“We’re feeling confident that the university will be able to adjust itself to the way it should be laid out in their criteria,” Miller said.

By the (University) Bylaw

Article 62:

Student Senators who are appointed under Article o) and p) may serve a maximum of three consecutive terms, following which one (1) year shall elapse before they become eligible for reappointment.

Article 63:

Students elected to Senate shall be registered in an undergraduate or graduate program, be registered in a course or other for-credit activity, and be in good standing. Students who are in failed standing, in conditional standing or on academic probation or who have been sanctioned either under the Code of Rights and Responsibilities (Policy BD-3) or the Academic Code of Conduct within the three (3) years previous to their nomination are not eligible.are 16 spots reserved for student senators.

Quebec Act on Accreditation

Article 32:

An accredited students’ association or alliance may, alone, appoint students who, under an Act, regulation, by-law, charter or agreement, are called upon to sit or participate as student representatives on various councils, committees or other bodies in the institution. If several associations or students’ association alliances are accredited to represent the students of the various groups contemplated in section 2.1, the appointments shall be made upon agreement among those associations and alliances, or, failing an agreement, as determined by the institution reserved for student senators.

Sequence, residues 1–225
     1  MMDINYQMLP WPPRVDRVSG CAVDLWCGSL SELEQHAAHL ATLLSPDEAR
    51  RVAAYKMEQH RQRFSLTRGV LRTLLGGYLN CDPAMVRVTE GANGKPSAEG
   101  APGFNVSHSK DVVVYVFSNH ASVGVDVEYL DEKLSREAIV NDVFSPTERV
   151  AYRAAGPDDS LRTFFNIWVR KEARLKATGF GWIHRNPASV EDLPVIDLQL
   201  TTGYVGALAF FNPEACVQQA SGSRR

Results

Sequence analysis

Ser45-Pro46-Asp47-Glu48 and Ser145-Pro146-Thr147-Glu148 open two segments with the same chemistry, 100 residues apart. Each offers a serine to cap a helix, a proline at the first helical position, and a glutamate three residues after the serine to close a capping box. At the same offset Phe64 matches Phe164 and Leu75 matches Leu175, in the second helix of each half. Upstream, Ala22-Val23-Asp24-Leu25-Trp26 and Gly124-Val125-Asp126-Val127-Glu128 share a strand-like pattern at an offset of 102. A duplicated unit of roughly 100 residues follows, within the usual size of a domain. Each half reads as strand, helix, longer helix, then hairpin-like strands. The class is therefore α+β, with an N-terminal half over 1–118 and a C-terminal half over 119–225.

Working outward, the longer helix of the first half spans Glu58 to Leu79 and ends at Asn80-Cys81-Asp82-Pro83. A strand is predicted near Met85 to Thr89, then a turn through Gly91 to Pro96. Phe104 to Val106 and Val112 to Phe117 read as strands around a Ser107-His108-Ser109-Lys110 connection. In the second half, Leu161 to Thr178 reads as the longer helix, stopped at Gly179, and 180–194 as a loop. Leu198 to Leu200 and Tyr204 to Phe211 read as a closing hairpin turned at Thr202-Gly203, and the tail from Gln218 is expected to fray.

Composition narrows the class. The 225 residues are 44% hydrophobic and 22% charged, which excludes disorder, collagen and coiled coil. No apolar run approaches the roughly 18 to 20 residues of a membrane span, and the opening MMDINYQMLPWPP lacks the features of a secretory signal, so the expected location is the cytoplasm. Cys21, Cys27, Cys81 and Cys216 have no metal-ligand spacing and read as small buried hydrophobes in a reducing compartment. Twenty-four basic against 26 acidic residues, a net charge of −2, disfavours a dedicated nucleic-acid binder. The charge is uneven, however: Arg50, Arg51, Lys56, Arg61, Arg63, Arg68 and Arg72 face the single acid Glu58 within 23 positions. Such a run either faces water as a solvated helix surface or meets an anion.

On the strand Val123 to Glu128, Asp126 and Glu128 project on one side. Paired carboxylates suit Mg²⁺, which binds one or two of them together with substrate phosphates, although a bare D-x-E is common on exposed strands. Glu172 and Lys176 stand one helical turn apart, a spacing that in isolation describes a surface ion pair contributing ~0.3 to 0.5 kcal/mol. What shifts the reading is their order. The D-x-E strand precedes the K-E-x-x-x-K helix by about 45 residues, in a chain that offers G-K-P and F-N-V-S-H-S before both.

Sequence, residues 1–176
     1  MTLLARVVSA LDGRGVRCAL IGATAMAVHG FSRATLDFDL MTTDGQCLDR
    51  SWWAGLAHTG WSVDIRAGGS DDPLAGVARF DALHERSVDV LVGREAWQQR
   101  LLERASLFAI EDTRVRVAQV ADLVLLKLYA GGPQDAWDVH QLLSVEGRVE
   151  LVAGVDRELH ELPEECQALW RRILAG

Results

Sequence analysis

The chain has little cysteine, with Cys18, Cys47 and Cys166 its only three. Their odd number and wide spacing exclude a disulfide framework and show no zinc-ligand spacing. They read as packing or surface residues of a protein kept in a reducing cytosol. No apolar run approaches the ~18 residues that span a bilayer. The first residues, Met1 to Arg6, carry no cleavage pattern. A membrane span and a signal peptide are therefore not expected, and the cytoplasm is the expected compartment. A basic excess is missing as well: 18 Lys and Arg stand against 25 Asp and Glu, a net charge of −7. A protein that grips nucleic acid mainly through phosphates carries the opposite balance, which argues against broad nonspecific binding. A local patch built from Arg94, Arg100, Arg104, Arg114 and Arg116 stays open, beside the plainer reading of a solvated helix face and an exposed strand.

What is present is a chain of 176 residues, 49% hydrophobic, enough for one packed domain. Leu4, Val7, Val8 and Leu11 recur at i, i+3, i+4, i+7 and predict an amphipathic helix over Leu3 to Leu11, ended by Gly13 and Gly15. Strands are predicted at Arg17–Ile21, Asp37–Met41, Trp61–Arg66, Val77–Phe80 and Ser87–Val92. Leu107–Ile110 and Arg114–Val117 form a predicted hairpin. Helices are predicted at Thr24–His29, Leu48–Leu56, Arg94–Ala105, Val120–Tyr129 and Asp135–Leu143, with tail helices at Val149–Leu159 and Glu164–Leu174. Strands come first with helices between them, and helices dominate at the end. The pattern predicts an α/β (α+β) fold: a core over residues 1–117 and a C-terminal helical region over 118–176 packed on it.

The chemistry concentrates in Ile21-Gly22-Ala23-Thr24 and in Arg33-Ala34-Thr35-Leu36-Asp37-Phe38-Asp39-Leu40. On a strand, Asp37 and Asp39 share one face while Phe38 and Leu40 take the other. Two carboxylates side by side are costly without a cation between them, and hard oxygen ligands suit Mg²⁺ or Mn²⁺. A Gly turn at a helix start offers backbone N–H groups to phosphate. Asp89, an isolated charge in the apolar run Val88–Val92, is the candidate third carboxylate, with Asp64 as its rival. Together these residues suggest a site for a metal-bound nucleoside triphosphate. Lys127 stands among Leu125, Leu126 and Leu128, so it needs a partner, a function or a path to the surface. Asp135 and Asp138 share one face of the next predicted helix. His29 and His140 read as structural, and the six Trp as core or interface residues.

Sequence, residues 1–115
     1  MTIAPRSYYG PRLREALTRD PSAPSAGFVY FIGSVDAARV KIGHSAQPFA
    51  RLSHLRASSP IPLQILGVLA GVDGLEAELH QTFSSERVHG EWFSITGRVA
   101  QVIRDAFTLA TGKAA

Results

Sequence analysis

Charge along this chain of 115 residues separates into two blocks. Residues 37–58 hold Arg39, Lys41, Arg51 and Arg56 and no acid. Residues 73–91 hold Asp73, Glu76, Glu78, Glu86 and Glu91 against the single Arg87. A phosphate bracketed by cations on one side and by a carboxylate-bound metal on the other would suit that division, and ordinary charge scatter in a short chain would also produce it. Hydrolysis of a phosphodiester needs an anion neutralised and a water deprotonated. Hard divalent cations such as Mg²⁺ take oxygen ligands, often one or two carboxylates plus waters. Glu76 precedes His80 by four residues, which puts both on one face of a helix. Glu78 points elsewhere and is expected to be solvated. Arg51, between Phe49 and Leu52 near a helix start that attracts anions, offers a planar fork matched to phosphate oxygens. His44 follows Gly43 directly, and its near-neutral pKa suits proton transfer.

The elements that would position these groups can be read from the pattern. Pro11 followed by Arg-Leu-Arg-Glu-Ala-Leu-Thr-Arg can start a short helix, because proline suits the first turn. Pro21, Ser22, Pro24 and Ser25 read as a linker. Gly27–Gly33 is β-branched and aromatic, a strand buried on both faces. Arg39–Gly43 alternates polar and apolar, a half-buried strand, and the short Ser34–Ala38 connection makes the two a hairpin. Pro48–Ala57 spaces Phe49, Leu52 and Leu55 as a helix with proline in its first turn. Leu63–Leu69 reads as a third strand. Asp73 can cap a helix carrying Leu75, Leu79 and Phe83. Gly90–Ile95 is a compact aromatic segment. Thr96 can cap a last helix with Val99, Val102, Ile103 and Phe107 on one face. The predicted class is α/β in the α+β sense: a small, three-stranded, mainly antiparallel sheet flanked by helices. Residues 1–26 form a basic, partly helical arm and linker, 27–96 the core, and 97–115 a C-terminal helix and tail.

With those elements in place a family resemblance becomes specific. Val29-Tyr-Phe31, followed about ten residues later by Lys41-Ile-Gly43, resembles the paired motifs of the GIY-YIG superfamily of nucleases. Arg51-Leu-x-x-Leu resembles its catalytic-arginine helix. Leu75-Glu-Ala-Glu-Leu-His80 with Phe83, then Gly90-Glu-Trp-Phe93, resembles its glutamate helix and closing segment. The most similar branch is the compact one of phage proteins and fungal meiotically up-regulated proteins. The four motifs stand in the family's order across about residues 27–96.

Board of Governers and the Senate: A Primer

The Board of Governors is the “senior governing body of the University and is responsible for establishing the legal and administrative framework for the University,” essentially making it the highest decision-making body at Concordia. There are three student governors out of a total 25.  

Senate is the second highest decision-making body at Concordia University. It’s the “senior academic body” that establishes procedures and is subject to the board’s authority. Out of 55 voting members, there are 16 spots reserved for student senators.